Because things change, materialism and dialectics are necessarily connected.

II. Dialectics: the study of contradictions--how things change.
Matter is in constant motion. All things are also processes. All things are composed of contradictions.

A. "Laws" of Dialectics (which are interrelated too).

1. Unity & Struggle of Opposites (contradictions: one becomes two)

1. Struggle is permanent, unity temporary.

2. Internal motion is primary over external.

3. Find the main contradiction and the primary side of that contradiction (which will prevail?).

2. Quantity becomes Quality

1. Quantitative change adds up to a qualitative LEAP. Quantitative change has limits which, exceeded, transform into qualitative change.

3. Reinventing of the New (Negation of the Negation)

1. Change is irrevocable, not circular, but like a spiral. When things change, we witness something entirely new, yet carrying forward aspects of what it was.

Consider this process in teaching reading. You and a student join together (unity and struggle) in a wide variety of processes over time (quantity) and the student learns to read (a leap of quality). While this student is really the same person, he/she is also a literate person, different (reinventing of the new), bringing forward new contradictions (what to read and to what end?).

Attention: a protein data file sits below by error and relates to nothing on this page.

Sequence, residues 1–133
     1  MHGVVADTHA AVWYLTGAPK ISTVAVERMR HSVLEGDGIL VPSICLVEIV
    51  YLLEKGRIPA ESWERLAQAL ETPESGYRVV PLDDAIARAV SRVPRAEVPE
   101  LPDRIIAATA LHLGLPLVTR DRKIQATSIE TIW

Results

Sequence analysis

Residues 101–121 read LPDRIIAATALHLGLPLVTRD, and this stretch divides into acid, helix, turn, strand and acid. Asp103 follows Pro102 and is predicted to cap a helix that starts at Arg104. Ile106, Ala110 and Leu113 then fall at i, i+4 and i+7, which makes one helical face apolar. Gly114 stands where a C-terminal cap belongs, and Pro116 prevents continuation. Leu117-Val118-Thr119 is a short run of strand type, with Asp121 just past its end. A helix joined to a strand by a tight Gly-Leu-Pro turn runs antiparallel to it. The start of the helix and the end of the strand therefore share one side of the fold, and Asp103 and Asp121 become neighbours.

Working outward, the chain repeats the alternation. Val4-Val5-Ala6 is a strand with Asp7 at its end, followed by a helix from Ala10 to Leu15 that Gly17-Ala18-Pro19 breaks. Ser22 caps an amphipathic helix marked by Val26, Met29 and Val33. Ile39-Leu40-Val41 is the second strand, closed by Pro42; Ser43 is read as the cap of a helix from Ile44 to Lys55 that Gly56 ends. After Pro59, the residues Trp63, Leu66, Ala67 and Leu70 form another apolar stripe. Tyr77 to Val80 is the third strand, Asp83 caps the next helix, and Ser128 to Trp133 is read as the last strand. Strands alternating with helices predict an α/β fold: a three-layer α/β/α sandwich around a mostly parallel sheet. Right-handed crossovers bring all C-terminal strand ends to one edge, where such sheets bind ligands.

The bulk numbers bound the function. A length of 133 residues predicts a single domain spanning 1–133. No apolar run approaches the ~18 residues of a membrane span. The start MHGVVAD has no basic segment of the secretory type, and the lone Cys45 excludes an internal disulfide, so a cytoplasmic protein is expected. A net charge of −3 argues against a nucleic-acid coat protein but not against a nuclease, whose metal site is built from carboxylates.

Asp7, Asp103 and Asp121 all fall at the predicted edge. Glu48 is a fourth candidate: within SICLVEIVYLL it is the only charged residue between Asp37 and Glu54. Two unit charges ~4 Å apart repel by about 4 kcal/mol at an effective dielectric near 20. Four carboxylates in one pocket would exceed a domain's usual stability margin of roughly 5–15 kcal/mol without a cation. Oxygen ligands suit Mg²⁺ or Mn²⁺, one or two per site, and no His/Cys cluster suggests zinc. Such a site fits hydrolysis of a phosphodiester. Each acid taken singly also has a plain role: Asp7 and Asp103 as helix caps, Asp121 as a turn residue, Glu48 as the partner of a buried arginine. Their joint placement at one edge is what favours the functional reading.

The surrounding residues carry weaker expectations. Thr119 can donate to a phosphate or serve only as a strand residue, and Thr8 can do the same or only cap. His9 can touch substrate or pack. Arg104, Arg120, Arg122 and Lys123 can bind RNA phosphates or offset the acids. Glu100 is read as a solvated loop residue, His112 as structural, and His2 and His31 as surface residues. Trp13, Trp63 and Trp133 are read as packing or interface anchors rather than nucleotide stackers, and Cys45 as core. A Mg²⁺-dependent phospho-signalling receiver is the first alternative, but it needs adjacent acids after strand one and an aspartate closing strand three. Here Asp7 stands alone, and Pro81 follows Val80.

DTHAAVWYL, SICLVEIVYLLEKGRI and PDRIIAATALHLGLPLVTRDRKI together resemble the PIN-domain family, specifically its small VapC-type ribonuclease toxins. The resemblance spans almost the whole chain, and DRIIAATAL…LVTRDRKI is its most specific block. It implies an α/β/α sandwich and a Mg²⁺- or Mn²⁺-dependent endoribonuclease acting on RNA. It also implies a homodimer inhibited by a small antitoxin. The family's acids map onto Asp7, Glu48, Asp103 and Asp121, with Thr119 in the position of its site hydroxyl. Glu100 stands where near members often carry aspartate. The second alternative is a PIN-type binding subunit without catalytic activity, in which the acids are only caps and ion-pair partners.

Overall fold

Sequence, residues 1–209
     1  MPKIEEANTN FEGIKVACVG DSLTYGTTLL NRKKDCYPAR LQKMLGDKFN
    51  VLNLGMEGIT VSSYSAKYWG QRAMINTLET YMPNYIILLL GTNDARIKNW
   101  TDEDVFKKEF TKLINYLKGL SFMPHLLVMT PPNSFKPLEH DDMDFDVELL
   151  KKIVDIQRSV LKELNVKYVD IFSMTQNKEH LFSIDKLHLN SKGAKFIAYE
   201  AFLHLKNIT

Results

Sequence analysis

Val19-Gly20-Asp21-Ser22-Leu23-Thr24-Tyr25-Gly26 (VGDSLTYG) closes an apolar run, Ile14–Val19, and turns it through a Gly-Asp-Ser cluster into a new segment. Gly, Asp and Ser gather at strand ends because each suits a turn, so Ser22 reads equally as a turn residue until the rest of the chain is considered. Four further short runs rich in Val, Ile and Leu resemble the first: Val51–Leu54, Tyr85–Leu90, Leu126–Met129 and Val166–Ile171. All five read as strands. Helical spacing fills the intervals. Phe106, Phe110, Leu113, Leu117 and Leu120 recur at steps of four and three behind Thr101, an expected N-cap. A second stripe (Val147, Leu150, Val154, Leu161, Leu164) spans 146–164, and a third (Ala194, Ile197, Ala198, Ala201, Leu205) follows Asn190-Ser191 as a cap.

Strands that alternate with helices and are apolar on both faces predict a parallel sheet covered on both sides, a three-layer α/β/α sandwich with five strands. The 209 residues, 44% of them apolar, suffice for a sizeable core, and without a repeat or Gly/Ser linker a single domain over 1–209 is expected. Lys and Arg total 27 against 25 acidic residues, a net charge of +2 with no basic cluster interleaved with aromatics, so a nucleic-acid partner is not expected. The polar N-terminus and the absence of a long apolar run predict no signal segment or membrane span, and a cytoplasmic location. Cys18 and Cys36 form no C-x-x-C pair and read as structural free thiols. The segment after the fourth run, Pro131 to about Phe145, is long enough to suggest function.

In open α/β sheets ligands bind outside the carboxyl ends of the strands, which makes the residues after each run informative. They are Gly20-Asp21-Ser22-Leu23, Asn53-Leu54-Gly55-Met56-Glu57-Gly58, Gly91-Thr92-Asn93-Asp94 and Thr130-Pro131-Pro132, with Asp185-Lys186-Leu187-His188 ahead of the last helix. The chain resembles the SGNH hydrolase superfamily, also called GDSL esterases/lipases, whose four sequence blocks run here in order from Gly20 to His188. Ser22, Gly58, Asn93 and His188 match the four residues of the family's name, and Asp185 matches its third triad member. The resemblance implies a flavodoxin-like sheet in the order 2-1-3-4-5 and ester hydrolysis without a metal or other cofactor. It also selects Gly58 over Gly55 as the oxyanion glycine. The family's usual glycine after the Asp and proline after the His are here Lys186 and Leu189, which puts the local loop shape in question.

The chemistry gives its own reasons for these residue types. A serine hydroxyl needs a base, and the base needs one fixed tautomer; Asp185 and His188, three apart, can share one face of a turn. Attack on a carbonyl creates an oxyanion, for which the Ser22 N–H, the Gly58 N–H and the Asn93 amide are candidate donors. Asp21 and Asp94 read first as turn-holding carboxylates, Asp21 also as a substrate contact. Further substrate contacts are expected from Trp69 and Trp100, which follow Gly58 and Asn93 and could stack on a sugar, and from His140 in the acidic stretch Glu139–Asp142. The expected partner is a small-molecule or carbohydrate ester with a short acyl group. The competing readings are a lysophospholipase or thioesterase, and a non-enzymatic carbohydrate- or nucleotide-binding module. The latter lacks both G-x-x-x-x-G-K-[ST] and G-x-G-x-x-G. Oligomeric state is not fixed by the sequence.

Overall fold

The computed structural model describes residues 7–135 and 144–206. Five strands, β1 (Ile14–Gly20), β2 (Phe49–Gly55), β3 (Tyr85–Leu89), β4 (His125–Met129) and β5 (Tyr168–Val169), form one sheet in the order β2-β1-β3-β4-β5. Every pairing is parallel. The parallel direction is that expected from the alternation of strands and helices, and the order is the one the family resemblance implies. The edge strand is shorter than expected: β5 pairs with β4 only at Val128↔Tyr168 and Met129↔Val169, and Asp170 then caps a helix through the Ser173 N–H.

In our world today, the contradiction between collective nature of production and private, individual ownership of what is produced gives rise to inequality, social classes, and class struggle. The working classes of the world, and the owning classes, have only contradiction in common.

B. Categories of Dialectics (to enrich analysis)

1. Appearance and essence (this is how knowledge moves)

2. Form and content (the cover and the book)

3. Relative and absolute (truth is both: we know, but can always know more)

4. Finite and Infinite (we teach one kid, and reach into the next century)

5. Actual and Potential (the illiterate become literate)

6. Chance and Necessity (the luck sometimes within hard work)

7. Particular and the General (a particular child within a school and community)

8. Likeness and Difference (useful in examining racism/sexism)

9. Cause and Effect (where do correct ideas come from?)

10. Objective and Subjective (the world exists, you can grasp and change it: people make their own histories, but not in circumstances they choose)

11. Theory and Practice (each informs the other: the struggle for evidence, for example)

Laws and categories are convenient structures placed on reality which is infinitely intricate and ever-changing. Every analysis captures a moment which is complex--and gone. Because of profound social inequality, all ideas are partisan, stamped with the interests of class. Our grasp on reality is tested and enriched only through practice. This is the only vision of the world which calls for a rational examination-testing in the real world-- of itself by human beings. © Richard Gibson 2004